What’s better than stepping outside and eating food from your own garden? I would argue: nothing. Gardening definitely appeals to the cheapskate in me (look! free food!).
But it’s not just that. I’ve always loved working outside, from early memories helping my Dad chop wood for the fireplace. I would climb into the wheelbarrow and he would push me way to the back of our property where the wood pile was. The way he flung the axe and sledgehammer around, splitting wood seemed easy. I couldn’t wait to try it and still light up at any opportunity to show off my skills. I even found that our basement, with its high ceilings, is a perfect venue for wood-splitting. I can swing the axe straight-armed over my head and have split cords of wood down there. I just have to remember to wear flat shoes.
Maybe because scarcity was such a theme during my childhood, I have always been captivated by the abundance of crops. One of my fondest memories takes place on a family farm where I spent a summer picking strawberries and generally helping out. One day I was suckering a field of tomatoes; the plants went on forever and it was blazing hot. The woman who owned the farm came to check on me a couple of times. The third time she brought a bough cut from one of their cherry trees and loaded with fat dark cherries. I sat and picked it clean, savoring each sweet bite and the abundance of my harvest. Cherries have been my favorite fruit ever since.
We’ve been eating lettuce from the garden for the past couple of months; there’s just a small patch but we only pick what we need at the time and we’ve had enough for big salads every day. Now, though, we have lettuce trees.
It was past time to refresh the bed. I planted some seeds last week but worried that we would have a few weeks without lettuce. It was a great excuse to visit the great mecca of Portland gardeners:
I picked out some starts and chatted with a few fellow gardeners along the way. I marveled at the variety and sheer volume of flora that surrounded me.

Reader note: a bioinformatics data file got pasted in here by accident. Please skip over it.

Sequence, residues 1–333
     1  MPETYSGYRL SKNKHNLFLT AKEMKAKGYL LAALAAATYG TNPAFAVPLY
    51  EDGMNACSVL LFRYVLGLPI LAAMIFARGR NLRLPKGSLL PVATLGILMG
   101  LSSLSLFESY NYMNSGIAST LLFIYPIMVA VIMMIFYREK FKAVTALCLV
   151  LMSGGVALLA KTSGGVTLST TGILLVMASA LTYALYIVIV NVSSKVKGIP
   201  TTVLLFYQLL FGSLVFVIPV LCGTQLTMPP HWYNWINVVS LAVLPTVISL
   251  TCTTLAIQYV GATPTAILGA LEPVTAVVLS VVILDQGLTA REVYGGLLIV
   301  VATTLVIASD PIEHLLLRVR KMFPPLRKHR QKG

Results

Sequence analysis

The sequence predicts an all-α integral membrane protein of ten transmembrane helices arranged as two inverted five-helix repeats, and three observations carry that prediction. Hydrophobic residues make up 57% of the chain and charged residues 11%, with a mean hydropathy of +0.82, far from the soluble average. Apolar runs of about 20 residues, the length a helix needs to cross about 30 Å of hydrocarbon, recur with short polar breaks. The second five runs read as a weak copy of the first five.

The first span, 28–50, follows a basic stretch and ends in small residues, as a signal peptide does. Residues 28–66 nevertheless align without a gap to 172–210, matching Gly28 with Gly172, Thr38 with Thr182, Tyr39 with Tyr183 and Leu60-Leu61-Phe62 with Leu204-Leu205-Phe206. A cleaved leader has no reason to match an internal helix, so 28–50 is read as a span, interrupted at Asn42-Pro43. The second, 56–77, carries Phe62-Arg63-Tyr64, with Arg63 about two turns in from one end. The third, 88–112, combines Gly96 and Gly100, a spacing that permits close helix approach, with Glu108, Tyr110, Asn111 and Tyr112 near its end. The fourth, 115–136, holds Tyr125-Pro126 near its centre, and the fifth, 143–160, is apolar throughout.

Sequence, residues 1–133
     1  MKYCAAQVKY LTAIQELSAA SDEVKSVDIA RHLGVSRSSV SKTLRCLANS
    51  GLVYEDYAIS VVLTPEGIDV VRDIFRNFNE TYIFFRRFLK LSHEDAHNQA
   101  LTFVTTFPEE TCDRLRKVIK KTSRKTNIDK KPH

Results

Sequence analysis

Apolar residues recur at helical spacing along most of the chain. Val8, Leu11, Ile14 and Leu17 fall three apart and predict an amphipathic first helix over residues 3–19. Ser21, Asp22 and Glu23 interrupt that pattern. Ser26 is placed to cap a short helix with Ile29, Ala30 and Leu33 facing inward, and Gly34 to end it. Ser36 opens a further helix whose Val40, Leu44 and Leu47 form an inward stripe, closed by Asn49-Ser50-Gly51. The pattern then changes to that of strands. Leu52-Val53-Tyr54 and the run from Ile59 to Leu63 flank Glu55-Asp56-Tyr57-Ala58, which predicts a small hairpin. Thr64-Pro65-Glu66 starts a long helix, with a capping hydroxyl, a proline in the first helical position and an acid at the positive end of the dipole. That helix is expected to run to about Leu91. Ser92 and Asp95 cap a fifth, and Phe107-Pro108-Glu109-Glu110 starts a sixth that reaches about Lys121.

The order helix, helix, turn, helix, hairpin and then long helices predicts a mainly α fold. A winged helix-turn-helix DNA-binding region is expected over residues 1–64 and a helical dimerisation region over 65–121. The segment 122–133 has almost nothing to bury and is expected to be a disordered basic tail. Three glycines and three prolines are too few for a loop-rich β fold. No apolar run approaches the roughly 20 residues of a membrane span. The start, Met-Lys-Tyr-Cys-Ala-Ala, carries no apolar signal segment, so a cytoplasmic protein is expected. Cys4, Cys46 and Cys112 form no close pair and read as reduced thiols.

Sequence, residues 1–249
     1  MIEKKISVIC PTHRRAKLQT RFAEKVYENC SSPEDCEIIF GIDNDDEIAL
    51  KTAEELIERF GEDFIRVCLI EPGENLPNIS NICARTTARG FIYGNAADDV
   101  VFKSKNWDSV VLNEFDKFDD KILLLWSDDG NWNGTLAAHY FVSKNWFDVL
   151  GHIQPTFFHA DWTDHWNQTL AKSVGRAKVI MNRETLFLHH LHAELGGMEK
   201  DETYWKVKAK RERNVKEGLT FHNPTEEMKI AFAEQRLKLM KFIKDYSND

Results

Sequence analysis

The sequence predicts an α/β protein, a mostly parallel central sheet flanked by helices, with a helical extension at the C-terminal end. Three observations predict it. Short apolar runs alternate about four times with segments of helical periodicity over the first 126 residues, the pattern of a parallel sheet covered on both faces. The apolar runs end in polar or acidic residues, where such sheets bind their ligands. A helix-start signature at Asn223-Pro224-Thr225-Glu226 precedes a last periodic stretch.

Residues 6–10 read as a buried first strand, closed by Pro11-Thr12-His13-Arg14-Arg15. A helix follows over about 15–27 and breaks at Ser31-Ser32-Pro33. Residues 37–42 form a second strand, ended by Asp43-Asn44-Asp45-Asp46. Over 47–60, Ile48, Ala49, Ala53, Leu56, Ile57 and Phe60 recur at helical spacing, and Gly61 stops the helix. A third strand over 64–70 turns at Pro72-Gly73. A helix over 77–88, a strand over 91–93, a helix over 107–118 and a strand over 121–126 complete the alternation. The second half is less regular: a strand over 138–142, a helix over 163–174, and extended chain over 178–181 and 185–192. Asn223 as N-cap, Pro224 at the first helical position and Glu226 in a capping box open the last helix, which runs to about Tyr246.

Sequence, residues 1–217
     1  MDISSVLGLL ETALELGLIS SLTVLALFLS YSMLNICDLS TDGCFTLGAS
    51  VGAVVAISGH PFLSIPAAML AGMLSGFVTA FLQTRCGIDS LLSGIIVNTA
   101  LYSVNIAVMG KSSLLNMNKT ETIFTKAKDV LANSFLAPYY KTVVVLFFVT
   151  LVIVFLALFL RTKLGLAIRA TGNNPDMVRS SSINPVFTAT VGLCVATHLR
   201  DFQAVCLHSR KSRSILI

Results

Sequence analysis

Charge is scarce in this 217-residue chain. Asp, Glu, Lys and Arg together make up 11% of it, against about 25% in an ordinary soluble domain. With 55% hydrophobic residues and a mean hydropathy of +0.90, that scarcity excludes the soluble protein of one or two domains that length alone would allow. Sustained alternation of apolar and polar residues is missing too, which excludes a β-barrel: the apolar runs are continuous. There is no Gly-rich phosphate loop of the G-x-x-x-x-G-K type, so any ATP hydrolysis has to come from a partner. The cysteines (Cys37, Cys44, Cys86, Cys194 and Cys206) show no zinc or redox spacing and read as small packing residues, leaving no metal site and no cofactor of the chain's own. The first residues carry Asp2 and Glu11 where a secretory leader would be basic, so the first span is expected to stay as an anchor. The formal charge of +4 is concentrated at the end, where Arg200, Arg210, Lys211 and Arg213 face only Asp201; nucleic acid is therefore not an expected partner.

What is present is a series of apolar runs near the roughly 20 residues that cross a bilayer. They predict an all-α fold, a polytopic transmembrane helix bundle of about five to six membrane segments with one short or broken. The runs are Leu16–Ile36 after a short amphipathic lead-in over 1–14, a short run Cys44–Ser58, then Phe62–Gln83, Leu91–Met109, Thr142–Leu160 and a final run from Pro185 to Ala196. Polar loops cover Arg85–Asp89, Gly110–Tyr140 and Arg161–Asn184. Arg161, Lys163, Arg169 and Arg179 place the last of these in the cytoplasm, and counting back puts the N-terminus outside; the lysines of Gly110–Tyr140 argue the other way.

I had been talking with someone earlier about the project and had a hundred dollar bill in my pocket. “How do you pick?” she wanted to know. I didn’t have a great answer. But I was looking at everyone I passed, wondering if that was the right person.
A woman in a worn-out tank top and sweatpants caught my eye. At first I didn’t pay her any attention, then I took another look and realized she’s probably been passed over before. She was pushing an elderly woman in a wheelchair and carrying on a conversation with an older man and someone I took to be her husband. I pushed my cart to the side and followed them.
She was standing in front of the seed rack, the wheelchair at her side. “Oh, look, mom. Yellow carrots. How about that? Mom? Are you getting cold?”
The woman in the wheelchair had a dazed, faraway look that I recognized; it took me right back to my mother’s bedside. The younger woman bent down and took her mother’s hands. Concern was etched in her face. “Her hands are so cold,” she said to her husband. “I think she’s getting cold. Maybe we should go soon. Mom? You okay? Mom?” The man stepped away and I went over to the woman.
“Hi,” I said. She responded politely but clearly wasn’t looking for casual conversation. I was a little afraid she was going to bolt so I made it quick. “It’s a pay-it-forward thing. I’m honoring my mom; she died last year and left me a gift. I’d like you to have this.” I held the bill out to her.
“What? Really? Oh, I couldn’t take that! For real??” Then she reached out and gave me a big hug. She held out her hand to shake mine. “I’m Margo. Thank you so much! Oh, wow!” She didn’t seem to be in a hurry any more and had a lot of questions about my mom. She said she could really use the money: she’s out of work and has two vehicles that are in need of repairs.
“My mother doesn’t live with us anymore but we see her every day,” she explained. “We like to take her places.” I remembered how hard it was to even take my mom outside for a 10-minute ride in her wheelchair. “That’s amazing,” I said. “I can only imagine how much it means to her.”
“Well, what are you going to do?” Margo said with a smile. She gathered her family together and I took their picture. Then it was just the two of us and she told me a little more about what they were going through. She gave me another hug. “Well, just remember,” I said, “There are people like me who care even though we’re strangers.”
“Yeah,” she said. “But things like this don’t happen very often. I don’t even know you. Well, I guess that’s not true.” She laughed. “I know you now!”
That’s right, Margo. And I know you.
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